The urge to merge also has hit textile and apparel organized labor. In July, the Union of Needletrades, Industrial & Textile Employees (UNITE) and the Hotel Employees & Restaurant Employees (HERE) will merge into what will be known as UNITE HERE. The combined membership of the new union will be 440,000 compared with the present UNITE membership of 180,000.
Bruce Raynor, who will be general president of the new union, says the merger “substantially increases our ability to fight for the rights of our members and tens of thousands of new members that we will represent in the future.” He said the union will be stronger at bargaining tables, on shop floors, in city halls, in state capitols and in Washington. While Raynor said the merged union will deal with a number of labor/management issues, he told Textile World it will continue to “lead the fight” to save textile and apparel and other manufacturing jobs that he said are being threatened by the Bush administration’s liberal international trade policies.
Textile Industry, AFL-CIO To Seek Trade Sanctions
The US textile industry has a powerful new ally in its efforts to stem the growth of imports
from China. In what is believed to be an unprecedented action, the American Federation of Labor -
Congress of Industrial Organizations (AFL-CIO) is appealing to the government to invoke sanctions
on Chinese imports under Section 301 of the Trade act of 1974. While Section 301 petitions have
been used widely by manufacturers, including textiles, in the past, this is believed to be the
first time such an action has been taken by a labor union. The petition charges China with a long
list of labor rights and working conditions abuses. Among other things, the 13 million-member union
charges that China uses enforced labor to hold down its manufacturing costs, and as a result, it
competes unfairly with American-made products. The petition calls for tariffs to be levied on its
exports of manufactured goods until China reforms its labor practices.
In a related development, the Coalition for Fair Currency, of which ATMI is a founding member, is filing a Section 301 petition based on China’s alleged currency manipulation. ATMI contends China maintains an artificially pegged currency value that amounts to as much as a 40-percent subsidy for its exports to the United States. The coalition, which includes some 20 manufacturing and agricultural associations, will seek sanctions on a wide range of products, including textiles and apparel. The initial Chinese reaction to the petitions is that imposing the sanctions would be a violation of WTO rules. The Bush administration has 45 days to respond to the petitions.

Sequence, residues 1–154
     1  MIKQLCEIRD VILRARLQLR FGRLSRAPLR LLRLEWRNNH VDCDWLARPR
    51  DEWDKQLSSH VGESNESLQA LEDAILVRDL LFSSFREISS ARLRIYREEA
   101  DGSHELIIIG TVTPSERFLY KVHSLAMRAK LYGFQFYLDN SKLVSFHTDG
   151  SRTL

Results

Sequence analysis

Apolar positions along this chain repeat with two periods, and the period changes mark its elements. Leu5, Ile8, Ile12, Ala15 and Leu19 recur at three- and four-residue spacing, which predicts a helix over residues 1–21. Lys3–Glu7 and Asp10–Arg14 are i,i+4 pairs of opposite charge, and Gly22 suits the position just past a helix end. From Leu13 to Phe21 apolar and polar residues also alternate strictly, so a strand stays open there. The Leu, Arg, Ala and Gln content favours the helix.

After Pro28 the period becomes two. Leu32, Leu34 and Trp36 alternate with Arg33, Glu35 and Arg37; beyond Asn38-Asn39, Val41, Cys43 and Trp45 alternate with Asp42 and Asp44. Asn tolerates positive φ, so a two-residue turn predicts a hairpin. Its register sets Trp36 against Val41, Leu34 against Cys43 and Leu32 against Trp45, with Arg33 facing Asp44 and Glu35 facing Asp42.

Textile Associations Seek Extension Of Quotas
US textile trade associations have launched a campaign to convince WTO members to extend until
January 2007 textile and apparel quotas that are due to expire in January 2005. Textile trade
associations in Turkey and Mexico were the first to come on board, and they will seek further
support in scores of countries that are likely to lose out when the long-standing quota system is
dismantled. The effort is designed to prevent what many officials inside and outside of governments
see as a takeover of much of the textile and apparel trade by China and a handful of other
countries if quotas are allowed to expire in 2005. The textile associations contend that “
circumstances associated with the textile and clothing quota phase-out process have changed
dramatically” since the adoption of the phase-out process was agreed to in 1995. Ziya Sukun of the
Turkish textile and apparel association said, “[T]he creation of a monopoly position by a very few
countries will be disastrous to many developing economies.”
Meanwhile, USTR Robert B. Zoellick was headed in another direction as he wrote to the WTO officially notifying it that the US government continues to support the phase-out. The action was hailed by the United States Association of Importers of Textiles and Apparel, whose executive director, Laura E. Jones, said, “This should put an end to any speculation — there is no turning back now.”
While textile trade associations may press for continuation of the quotas, it is a contentious issue, and the governments involved will have a hard time backing off their commitments.